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Undergraduate Research on Conceptual Design of a Wind Tunnel for Instructional Purposes

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Conference

2012 ASEE Annual Conference & Exposition

Location

San Antonio, Texas

Publication Date

June 10, 2012

Start Date

June 10, 2012

End Date

June 13, 2012

ISSN

2153-5965

Conference Session

Outreach, Engagement, and Undergraduate Research

Tagged Division

Mechanical Engineering

Page Count

21

Page Numbers

25.1390.1 - 25.1390.21

DOI

10.18260/1-2--22147

Permanent URL

https://peer.asee.org/22147

Download Count

981

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Paper Authors

biography

Peter John Arslanian NASA/Computer Sciences Corporation

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Peter John Arslanian currently holds an engineering position at Computer Sciences Corporation. He works as a Ground Safety Engineer supporting Sounding Rocket and ANTARES launch vehicles at NASA, Wallops Island, Va. He also acts as an Electrical Engineer supporting testing and validation for NASA’s Low Density Supersonic Decelerator vehicle. Arslanian has received an Undergraduate Degree with Honors in Engineering with an Aerospace Specialization from the University of Maryland, Eastern Shore (UMES) in May 2011. Prior to receiving his undergraduate degree, he worked as an Action Sport Design Engineer for Hydroglas Composites in San Clemente, Calif., from 1994 to 2006, designing personnel watercraft hulls. Arslanian served in the U.S. Navy from 1989 to 1993 as Lead Electronics Technician for the Automatic Carrier Landing System aboard the U.S.S. Independence CV-62, stationed in Yokosuka, Japan. During his enlistment, Arslanian was honored with two South West Asia Service Medals.

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biography

Payam Matin University of Maryland, Eastern Shore

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Payam Matin is currently an Assistant Professor in the Department of Engineering and Aviation Sciences at the University of Maryland Eastern Shore (UMES). Matin has received his Ph.D. in mechanical engineering from Oakland University, Rochester, Mich., in May 2005. He has taught a number of courses in the areas of mechanical engineering and aerospace at UMES. Matin’s research has been mostly in the areas of computational mechanics and experimental mechanics. Matin has published more than 20 peer-reviewed journal and conference papers. Matin worked in auto-industry for Chrysler Corporation from 2005 to 2007.

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Abstract

UNDERGRADUATE RESEARCH ON CONCEPTUAL DESIGN OF A WIND TUNNEL FOR INSTRUCTIONAL PURPOSES P. Arslanian, P. H. Matin Department of Engineering and Aviation Sciences University of Maryland Eastern Shore Princess Anne, MD-21853, U.S.A.ABSTRACTSenior students in the engineering programs are challenged to thoroughly apply their learnedengineering knowledge and research skills toward design and implementation of a challengingsenior design project. A wind tunnel is often used in mechanical or aerospace engineeringprograms as a laboratory instrument to gather experimental data for investigation of fluid flowbehavior. The authors have involved students to conduct research to implement a comprehensivedesign of a small size wind tunnel for instructional purposes. The objective of this project is toengage the students 1) to design a well-structured wind tunnel model by means of fluidmechanics fundamentals and simulation software, 2) to develop wind tunnel experiments such asflow visualization, lift and drag measurement around different geometries including NACAairfoils. The wind tunnel designed is an open-loop circuit contained of three basic sections: thecontraction nozzle, the working or experiment section, and the diffuser nozzle. Fluid thrust isdelivered by an axial fan attached to the end of the diffuser nozzle. The geometric properties ofthe contraction nozzle and diffuser nozzle are obtained by fluid mechanics theories governing aconstant pressure decrease, or increase respectively. The working section is a duct of constantarea that maintains a uniform fluid velocity. The solid models of the contraction nozzle, workingsection and diffuser nozzle have been built for flow simulation. The performance of the windtunnel designed has been verified through CFD-based simulation. The data collected from thesimulation results indicate that a uniform laminar flow is maintained in the working section asdesired. Different testing models such as sphere and infinite wing have been included in thesimulation to characterize the performance of the wind tunnel during testing. The simulationresults are promising. Extensive engineering knowledge acquired throughout the course ofundergraduate study is applied. Significant experience in the design of wind tunnels has beengained throughout this undergraduate research.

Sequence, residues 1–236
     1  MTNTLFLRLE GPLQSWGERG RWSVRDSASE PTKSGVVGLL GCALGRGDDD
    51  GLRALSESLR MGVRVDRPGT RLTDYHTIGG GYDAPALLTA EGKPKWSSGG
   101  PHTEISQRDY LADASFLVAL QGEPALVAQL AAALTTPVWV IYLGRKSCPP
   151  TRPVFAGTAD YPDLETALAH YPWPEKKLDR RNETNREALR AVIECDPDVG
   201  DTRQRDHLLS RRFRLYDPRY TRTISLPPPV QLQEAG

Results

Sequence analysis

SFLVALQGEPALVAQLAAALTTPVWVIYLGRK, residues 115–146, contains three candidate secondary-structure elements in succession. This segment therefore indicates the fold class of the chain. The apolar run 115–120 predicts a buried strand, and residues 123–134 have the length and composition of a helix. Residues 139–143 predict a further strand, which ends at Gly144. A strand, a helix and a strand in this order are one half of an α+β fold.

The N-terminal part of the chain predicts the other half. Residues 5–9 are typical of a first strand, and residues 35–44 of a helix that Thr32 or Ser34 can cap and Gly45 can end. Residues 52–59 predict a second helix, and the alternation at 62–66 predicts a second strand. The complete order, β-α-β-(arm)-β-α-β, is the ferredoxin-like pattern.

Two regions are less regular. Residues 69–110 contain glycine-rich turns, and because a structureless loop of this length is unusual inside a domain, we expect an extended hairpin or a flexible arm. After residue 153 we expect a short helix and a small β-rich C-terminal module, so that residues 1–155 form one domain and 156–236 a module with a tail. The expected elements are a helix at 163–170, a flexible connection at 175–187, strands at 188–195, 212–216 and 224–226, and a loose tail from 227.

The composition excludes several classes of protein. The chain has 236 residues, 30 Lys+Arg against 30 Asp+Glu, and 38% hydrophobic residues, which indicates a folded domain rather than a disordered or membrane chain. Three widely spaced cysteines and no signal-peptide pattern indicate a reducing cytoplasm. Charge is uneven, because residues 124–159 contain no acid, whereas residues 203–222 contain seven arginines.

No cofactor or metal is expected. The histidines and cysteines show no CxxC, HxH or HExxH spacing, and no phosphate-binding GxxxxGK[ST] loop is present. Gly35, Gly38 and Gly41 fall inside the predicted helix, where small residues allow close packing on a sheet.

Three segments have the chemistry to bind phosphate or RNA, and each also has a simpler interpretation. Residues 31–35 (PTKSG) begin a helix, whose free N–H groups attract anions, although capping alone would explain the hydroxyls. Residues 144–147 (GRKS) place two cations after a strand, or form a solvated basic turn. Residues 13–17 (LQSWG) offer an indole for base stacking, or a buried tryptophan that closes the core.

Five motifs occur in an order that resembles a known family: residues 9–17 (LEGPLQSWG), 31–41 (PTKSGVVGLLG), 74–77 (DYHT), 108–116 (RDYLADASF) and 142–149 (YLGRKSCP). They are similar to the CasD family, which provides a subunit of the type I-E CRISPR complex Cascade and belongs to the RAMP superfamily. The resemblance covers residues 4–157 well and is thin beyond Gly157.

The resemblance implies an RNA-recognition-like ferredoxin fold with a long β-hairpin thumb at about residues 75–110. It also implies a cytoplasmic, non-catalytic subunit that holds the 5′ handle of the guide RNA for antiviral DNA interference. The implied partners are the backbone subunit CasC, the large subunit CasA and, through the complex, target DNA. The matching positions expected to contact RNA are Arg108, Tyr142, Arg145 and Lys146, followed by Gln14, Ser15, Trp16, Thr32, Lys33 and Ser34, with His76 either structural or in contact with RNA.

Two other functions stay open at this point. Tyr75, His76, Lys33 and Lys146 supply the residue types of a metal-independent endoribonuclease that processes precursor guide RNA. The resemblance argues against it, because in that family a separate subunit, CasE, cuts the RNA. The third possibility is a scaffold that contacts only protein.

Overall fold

Arslanian, P. J., & Matin, P. (2012, June), Undergraduate Research on Conceptual Design of a Wind Tunnel for Instructional Purposes Paper presented at 2012 ASEE Annual Conference & Exposition, San Antonio, Texas. 10.18260/1-2--22147

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